Put drones under same privacy laws as manned aircraft

Vendors display an assortment of drones at the Los Angeles County Air Show last month in Lancaster.
Vendors display an assortment of drones at the Los Angeles County Air Show last month in Lancaster. The Associated Press

When James Madison introduced the Fourth Amendment to the Constitution, protecting Americans from unwarranted search and seizure, he most certainly never imagined the world we live in today.

In 1789, hot air balloons were on the cutting edge of technology. Thoughts of air travel, satellites and space exploration would have been inconceivable. Yet through it all, America has maintained its adherence to the Constitution and its protections for individuals laid out 2 1/4 centuries ago.

Today, technology is advancing exponentially. Public policy and new laws often lag far behind, simply trying to keep pace with constant technological advancements.

A case in point is the increasing development of unmanned aerial vehicles, also known as drones. In recent years, their capability has been expanded and refined to serve a wide variety of purposes, including military operations, search-and-rescue missions, fighting fires and surveying land. The possibilities for lifesaving use are endless.

As with previous new technology, however, expanded use of drones has been met with apprehension by the public over encroachments on privacy. These concerns are valid and must not be taken lightly. It is imperative that we balance these concerns with technological innovation that can save lives.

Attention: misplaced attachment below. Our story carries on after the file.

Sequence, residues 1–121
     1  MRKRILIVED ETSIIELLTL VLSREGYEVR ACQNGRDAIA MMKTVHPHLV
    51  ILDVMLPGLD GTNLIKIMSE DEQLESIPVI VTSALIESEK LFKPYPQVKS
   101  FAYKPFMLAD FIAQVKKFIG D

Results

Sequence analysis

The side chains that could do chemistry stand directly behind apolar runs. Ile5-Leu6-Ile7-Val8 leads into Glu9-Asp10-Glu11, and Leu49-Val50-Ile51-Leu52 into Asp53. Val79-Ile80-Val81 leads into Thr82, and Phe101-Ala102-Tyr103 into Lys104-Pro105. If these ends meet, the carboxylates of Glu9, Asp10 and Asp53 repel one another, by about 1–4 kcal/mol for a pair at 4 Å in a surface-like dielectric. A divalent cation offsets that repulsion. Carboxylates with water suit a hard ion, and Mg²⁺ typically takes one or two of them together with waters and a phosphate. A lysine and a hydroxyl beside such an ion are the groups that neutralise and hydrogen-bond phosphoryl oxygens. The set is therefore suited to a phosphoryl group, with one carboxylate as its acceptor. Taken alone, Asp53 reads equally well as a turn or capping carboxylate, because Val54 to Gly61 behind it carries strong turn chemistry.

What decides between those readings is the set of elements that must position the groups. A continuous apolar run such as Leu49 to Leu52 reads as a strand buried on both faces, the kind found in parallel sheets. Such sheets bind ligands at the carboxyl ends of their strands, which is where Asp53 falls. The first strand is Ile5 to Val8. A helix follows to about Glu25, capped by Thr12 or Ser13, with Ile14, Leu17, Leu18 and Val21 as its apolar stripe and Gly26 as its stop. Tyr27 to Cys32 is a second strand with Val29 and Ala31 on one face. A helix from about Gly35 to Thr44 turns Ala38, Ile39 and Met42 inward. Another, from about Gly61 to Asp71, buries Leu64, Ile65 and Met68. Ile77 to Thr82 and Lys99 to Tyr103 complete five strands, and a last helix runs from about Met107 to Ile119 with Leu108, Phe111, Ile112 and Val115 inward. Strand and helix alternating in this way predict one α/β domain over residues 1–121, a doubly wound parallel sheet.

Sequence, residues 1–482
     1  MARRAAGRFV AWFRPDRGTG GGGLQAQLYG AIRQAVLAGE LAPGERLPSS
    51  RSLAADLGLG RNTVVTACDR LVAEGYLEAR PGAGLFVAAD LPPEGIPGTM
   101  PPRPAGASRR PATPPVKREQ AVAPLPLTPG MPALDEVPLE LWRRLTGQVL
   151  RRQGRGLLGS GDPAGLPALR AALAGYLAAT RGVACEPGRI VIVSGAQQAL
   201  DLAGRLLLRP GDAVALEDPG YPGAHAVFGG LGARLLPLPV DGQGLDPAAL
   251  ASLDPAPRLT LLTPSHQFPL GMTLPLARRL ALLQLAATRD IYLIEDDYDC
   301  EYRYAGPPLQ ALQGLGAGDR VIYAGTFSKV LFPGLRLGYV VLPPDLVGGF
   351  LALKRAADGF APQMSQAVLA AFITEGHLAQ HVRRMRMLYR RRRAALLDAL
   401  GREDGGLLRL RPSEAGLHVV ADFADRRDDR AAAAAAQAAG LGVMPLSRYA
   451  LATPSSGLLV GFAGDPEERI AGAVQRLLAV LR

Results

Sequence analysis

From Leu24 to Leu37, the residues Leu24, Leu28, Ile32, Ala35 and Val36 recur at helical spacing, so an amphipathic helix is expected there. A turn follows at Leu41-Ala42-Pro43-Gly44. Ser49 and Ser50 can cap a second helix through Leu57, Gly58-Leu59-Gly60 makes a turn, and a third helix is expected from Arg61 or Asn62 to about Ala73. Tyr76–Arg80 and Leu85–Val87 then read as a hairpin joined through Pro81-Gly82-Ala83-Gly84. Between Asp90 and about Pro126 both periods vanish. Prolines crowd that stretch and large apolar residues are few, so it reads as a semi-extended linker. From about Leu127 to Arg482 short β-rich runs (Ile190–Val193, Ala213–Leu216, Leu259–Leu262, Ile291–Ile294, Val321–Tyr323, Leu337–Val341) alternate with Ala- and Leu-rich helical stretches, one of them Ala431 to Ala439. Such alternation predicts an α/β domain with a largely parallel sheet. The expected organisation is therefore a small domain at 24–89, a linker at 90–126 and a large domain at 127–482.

That is why we have introduced Senate Bill 262. This bipartisan measure simply adopts current privacy laws surrounding manned vehicles, such as airplanes and helicopters, and applies them to unmanned drones.

As the Federal Aviation Administration prepares to open the skies to regulated public and private use of drones, it is essential the Legislature provide clear guidelines to law enforcement. Police use of drones deserves neither more strict, nor more lenient, scrutiny with regard to Fourth Amendment protections than does a manned aircraft, satellite or any land-based camera. Current law restricts unwarranted spying in a manned vehicle, and logically the same must apply to drones. At the same time, we should not apply arbitrary, restrictive measures upon law-enforcement use of drones.

It is our sworn duty to uphold and protect the Constitution. This unwavering commitment will never change as we encourage innovation that will protect Californians for generations to come.

Sen. Joel Anderson, R-Alpine, represents the 38th Senate District. Sen. Cathleen Galgiani, D-Manteca, represents the 5th Senate District.